Would everyone qualify?

It’s likely that the Biden administration would implement income caps for student loan forgiveness. The Washington Post reported that the administration is considering limiting relief to people who earned less than $125,000 or $150,000 the previous year, or $250,000 to $300,000 for couples. 

Sources who spoke to the Washington Post stressed the plan was fluid and subject to change. 

Would this apply to existing debt only? 

So far, that seems to be the case. Those who have paid off their student loans, or students who enroll in college in the future, would not be included. But stay tuned.

What’s the argument for doing this?

Eliminating or cutting student loan debt could be an economic stimulus for the nation, as people could use money now spent on student loan payments for other purchases, such as cars, homes and starting new businesses. That’s particularly true among minority and low-income families, who tend to owe more and yet graduate at a lower rate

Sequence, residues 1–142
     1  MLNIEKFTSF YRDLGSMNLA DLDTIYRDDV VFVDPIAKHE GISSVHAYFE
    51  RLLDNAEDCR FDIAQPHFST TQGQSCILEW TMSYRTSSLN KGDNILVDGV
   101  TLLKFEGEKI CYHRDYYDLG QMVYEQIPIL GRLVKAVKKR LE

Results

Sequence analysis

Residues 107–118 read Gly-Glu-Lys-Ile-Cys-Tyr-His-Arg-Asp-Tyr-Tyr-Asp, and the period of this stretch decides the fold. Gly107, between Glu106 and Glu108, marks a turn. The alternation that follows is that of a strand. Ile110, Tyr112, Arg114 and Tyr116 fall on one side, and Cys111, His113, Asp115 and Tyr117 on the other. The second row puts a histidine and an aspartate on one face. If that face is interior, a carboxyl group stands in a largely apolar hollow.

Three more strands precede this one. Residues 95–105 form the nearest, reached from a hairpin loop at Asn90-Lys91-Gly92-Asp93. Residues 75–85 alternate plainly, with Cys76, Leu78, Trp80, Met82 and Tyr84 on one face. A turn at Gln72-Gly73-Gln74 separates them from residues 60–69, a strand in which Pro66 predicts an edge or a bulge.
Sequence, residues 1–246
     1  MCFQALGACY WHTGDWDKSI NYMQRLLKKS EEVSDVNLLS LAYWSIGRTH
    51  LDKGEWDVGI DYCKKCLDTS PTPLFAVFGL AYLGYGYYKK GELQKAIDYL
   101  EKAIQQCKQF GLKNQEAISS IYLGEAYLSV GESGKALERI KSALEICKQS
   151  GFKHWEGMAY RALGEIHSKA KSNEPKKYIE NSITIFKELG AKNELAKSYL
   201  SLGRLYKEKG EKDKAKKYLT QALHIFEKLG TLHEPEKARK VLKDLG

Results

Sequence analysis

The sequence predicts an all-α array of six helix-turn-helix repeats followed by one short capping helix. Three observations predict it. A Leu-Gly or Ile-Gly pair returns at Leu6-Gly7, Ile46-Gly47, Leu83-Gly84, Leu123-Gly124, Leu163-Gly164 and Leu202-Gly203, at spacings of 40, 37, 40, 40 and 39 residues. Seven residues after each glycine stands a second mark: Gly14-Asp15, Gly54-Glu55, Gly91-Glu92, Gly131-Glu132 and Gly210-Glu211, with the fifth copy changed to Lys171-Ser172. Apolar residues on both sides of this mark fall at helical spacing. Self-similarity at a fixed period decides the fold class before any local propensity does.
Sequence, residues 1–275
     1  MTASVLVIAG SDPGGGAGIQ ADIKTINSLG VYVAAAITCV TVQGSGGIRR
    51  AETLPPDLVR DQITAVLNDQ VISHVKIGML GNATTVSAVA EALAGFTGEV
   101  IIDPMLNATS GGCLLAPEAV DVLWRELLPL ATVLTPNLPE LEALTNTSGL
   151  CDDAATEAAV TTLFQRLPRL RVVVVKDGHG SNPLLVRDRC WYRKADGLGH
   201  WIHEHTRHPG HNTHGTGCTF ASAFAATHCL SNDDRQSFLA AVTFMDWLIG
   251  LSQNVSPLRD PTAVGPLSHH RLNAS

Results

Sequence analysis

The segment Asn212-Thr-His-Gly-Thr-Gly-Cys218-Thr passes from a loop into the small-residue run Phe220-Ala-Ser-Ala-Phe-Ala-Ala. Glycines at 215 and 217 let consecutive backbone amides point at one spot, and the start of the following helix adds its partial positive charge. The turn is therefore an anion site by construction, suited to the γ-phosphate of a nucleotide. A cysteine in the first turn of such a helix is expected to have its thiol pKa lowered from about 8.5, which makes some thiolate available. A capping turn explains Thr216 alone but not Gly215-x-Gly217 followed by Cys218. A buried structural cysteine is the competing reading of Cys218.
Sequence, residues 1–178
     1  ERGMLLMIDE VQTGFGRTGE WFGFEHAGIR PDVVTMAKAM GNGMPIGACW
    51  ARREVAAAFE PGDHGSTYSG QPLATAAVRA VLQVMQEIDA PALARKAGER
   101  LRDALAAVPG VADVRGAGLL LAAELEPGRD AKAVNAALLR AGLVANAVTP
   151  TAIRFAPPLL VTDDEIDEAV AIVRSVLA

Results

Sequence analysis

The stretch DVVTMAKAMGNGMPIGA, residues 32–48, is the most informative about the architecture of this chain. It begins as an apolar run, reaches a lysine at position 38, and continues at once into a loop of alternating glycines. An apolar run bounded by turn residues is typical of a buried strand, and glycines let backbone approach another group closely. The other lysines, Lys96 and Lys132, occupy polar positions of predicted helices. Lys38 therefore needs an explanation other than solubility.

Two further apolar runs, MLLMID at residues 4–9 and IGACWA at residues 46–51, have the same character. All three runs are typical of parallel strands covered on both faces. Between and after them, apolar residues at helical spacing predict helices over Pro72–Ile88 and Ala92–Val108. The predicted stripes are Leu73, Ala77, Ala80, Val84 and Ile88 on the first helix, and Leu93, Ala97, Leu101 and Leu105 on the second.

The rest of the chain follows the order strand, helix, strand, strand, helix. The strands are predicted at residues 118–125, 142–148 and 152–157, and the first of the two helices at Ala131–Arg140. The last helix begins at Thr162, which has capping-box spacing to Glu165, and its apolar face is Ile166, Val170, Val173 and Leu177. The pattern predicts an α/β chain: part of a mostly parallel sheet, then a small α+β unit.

For example, four in 10 student loan borrowers didn’t complete their degree, meaning they aren’t getting the financial benefit of college degrees, but they do get the debt. Among Black college students, 54 percent don’t earn a degree within six years of enrollment.

Others argue that forgiving debt could narrow the income gap between white and Black graduates. One study found that, four years after college, Black graduates owe $53,000, nearly twice their white counterparts.

In a recent national poll, 64 percent supported some level of student loan forgiveness.

What are the arguments against?

People who go to college already, on average, earn more than those who don’t: $55,000 on average, one year after graduation, more than $30,000 more than those with a high-school diploma.